By Donna Bailey Nurse
Growing up in, Bridgetown, Barbados, where he was born in 1954, Cecil Foster much preferred cricket to reading. Nevertheless, once a week his teachers marched him to the library where he and his classmates regularly looked for the skinniest volume they could find. That is how he came upon Amongst Thistles and Thorns, Austin Clarke’s autobiographical novel about coming of age in Barbados.
Foster told me this tale for an interview for Maclean’s heralding the publication of A Place Called Heaven: The Meaning of Being Black in Canada in 1996. I remember going to his house in Thornhill where I set up my tape recorder in the living room. His three sons were playing in the background. His soon-to-be-ex-wife was there, too. She looked singularly unimpressed by the presence of one more reporter to celebrate the burgeoning literary career that was driving them to the poorhouse.
I enjoyed being in his presence. He had a sincere regard for the experiences of black women that I found extremely comforting. And also, he was a delightful tall tale teller. I mean that literally. When he sat on the couch and propped his feet up on a chair, his legs went on forever. That day, we talked about the childhood experience that has shaped his life and his art: His parent’s emigration to England to make a better life. They left Foster and his brothers in the care of his grandmother when he was two years old. He waited for them to send for him, but they never ever did.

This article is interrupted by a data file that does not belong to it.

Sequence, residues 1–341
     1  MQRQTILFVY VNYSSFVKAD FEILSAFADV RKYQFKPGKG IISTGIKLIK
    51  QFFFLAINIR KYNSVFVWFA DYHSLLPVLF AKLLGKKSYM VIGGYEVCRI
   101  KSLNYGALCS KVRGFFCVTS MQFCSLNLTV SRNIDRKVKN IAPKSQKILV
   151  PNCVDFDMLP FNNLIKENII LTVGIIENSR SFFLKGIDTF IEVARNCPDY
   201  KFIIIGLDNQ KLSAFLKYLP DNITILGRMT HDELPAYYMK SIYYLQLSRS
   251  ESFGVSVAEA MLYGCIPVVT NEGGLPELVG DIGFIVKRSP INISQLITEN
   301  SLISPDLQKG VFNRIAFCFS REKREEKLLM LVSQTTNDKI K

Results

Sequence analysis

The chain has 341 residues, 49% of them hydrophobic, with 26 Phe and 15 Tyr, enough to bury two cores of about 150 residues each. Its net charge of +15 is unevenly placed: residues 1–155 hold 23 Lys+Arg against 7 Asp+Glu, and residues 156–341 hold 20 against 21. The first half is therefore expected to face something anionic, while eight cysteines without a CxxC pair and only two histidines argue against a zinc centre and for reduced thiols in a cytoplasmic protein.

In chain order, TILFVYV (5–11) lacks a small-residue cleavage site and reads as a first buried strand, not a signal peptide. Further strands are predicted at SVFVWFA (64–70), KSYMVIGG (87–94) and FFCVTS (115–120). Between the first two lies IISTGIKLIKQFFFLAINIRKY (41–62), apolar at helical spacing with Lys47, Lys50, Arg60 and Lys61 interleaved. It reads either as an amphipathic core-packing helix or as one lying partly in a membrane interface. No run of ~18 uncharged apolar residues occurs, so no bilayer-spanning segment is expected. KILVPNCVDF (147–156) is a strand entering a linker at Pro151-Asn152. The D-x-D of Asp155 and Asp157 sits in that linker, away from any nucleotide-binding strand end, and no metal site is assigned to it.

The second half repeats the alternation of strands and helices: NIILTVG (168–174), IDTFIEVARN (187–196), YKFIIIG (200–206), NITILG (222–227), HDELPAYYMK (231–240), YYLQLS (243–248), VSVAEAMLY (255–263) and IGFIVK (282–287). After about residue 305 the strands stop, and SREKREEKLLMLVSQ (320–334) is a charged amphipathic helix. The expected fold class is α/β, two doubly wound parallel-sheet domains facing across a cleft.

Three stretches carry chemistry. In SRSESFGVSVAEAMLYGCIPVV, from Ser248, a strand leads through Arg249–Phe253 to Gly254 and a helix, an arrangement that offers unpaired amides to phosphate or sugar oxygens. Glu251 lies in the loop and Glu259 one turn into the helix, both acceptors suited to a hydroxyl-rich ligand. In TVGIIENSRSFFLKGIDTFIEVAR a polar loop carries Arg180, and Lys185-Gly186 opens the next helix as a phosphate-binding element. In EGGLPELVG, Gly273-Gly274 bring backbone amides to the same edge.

He reworks these facts yet again in Independence, his glorious new novel, by far his best effort to date, outshining even his memorable debut, 1991’s No Man in the House. It opens in the village of Silver Hill in Barbados in the early days of the newly independent nation. There, 14-year-old next-door neighbours Christopher Lucas and Stephanie King are being raised by their deeply religious grandmothers while they wait hopefully to join their mothers in North America. But they have not heard from their mothers for years.